Finally, if you can, be flexible with your dates—and watch it pay off with discounts. For instance, rates tend to be 20% to 30% higher between May and September (holidays such as July 4 and Labor Day are the priciest of all), so you might try to avoid a summer move if possible.

5. Label everything—and take photos

After you’ve decluttered, donated, or sold your items, the next step is to label.

“Go room by room and put sticky colored dots on every box,” recommends Julie Subotky, a moving pro at Consider It Done. “Movers need to know what to take and what to leave—or you might ending up moving your garbage across the country—which really happens.”

And take photos of valuables, Glanz says. “When the move is over and something is damaged, you’ll have proof the item was in fact broken in transit.”

6. Cushion your valuables

Cross-country moves can do a number on your stuff (read: lots of jostling!), so use blankets, towels—even clothing—to pad the boxes, experts say. These items need packing anyway, so it makes sense to use them to fill in gaps and reduce the likelihood that boxes will get crushed.

7. Make a ‘first off’ bag

When you (finally) arrive after a multistate trip, you won’t want to hunt for the most important items, so put together a couple of “first off” boxes and alert movers to them.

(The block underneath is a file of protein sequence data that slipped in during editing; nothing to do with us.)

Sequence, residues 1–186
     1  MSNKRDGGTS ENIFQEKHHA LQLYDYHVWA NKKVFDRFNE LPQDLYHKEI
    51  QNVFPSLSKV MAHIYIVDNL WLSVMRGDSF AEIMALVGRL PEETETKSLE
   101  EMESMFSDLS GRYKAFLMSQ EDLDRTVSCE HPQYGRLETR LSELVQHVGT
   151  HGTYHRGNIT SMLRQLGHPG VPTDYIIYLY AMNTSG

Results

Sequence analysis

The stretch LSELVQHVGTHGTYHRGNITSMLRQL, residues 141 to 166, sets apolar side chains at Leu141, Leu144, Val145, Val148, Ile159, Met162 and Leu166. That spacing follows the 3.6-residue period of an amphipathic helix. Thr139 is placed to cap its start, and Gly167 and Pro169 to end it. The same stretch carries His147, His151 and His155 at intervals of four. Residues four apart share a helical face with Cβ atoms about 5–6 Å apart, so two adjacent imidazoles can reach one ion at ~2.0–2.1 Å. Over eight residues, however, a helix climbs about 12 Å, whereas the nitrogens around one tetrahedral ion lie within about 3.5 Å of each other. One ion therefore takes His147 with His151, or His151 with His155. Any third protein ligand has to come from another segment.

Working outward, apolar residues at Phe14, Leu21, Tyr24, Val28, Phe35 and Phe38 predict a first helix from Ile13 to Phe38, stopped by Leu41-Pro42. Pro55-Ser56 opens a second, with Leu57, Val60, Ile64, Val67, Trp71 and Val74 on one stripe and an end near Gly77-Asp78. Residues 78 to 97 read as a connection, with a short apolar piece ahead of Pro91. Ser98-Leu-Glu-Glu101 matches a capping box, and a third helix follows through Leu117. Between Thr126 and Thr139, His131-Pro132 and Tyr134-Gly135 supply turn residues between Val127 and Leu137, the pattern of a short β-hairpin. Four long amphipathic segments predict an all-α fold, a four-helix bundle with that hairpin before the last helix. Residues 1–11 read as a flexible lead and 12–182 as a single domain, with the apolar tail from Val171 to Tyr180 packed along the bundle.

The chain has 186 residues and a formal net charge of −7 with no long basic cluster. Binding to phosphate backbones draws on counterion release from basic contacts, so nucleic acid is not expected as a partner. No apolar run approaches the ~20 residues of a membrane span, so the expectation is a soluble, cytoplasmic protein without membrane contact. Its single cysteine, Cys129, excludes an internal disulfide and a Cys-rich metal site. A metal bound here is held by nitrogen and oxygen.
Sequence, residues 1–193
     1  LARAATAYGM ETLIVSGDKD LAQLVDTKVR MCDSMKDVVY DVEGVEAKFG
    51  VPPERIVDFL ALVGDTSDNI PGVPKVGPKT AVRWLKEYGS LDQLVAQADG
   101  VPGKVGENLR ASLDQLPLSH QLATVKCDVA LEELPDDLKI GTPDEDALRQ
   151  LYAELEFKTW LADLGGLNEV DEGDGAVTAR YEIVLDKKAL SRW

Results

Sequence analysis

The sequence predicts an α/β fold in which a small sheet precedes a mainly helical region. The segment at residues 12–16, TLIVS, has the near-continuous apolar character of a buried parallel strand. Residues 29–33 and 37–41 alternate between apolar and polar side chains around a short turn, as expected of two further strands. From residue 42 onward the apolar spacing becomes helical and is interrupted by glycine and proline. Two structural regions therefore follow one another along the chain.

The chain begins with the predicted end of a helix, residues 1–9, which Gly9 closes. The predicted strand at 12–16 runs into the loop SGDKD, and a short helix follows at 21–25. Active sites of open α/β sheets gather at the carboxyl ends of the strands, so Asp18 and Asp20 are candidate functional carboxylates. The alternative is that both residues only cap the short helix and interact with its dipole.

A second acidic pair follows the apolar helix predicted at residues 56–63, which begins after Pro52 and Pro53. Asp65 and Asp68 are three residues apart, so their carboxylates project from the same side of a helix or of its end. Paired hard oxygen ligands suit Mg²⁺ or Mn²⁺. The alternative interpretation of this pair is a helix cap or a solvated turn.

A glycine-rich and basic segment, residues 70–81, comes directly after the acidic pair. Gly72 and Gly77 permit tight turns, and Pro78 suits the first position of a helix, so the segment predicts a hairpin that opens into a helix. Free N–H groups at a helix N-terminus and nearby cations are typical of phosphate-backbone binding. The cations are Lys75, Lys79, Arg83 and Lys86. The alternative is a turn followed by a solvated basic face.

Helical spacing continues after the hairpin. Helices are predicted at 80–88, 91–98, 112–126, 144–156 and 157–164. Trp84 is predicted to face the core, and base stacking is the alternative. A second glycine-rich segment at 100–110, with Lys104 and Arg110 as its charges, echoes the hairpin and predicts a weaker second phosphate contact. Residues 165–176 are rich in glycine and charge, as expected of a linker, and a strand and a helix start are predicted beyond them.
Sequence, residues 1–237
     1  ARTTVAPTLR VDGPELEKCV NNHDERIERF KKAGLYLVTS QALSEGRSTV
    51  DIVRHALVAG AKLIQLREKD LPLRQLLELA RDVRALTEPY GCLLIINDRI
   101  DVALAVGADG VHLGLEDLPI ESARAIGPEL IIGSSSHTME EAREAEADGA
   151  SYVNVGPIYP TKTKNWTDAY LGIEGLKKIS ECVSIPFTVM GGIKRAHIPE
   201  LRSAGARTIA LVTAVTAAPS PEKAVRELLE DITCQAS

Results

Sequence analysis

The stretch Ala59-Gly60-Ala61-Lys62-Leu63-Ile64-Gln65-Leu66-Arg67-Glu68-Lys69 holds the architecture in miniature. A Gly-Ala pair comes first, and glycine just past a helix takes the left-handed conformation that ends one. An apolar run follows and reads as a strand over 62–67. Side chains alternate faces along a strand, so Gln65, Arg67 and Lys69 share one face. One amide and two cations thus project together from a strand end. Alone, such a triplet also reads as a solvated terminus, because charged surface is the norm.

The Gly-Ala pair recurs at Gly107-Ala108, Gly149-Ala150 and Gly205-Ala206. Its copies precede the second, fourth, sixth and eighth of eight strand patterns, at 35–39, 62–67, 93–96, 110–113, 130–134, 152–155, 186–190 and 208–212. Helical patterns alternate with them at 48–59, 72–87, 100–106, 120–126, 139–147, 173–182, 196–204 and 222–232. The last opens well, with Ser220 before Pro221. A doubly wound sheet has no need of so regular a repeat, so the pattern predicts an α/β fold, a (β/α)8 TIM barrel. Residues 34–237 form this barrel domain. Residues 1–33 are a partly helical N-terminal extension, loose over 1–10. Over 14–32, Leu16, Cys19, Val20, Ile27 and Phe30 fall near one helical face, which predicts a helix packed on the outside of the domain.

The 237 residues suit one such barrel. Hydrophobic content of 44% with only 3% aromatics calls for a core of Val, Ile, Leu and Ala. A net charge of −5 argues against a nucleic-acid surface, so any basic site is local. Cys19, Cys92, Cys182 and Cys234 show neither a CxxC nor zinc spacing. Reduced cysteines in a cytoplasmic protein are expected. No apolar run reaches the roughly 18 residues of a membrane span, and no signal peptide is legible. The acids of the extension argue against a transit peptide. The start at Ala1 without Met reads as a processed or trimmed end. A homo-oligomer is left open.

“One should contain toilet paper, flashlights, and batteries,” Subotky says. You’ll also want these things close at hand: the shower curtain, coffee paraphernalia, clothing, medication, dog food, soap, shampoo, power cords, and clean linens.

8. Go on a goodbye tour

Photo by Paradise Restored Landscaping & Exterior Design

Naomi Hattaway, a real estate agent with 8th & Home in Virginia, tells families moving across state lines or farther to “leave well”—because you probably won’t be back anytime soon. Connecting with everyone and everything one final time gives a sense of closure, especially for young kids who will be sad to leave and might have a harder time making the transition

“Take a photo walk of favorite locations in town (such as the park, playground, a beloved diner) and intentionally say goodbye to friends and family, beyond just the awkward farewell parties that most people attend,” she says.

9. Turn the move into a vacation

A long-distance move may not feel like a spa trip, but it can be a somewhat enjoyable event.

“Have your route mapped out, and pack snacks and games in the car for the kids,” suggests Joe Devost, moving operations field manager at You Move Me. Plus, choosing fun, touristy stops along the way can make a long-haul move more memorable and make it feel like a getaway. Sort of.

5 Holiday Splurges to Avoid If You Hope to Sell Your Home Next Year

The holidays are officially here—and while  merrymaking and gift shopping are likely top of mind, you may have to keep some of those celebratory urges in check if you’re planning to sell your home next year. Why? Because many holiday season activities can come back to haunt you when your house is on the market, even if it’s months later.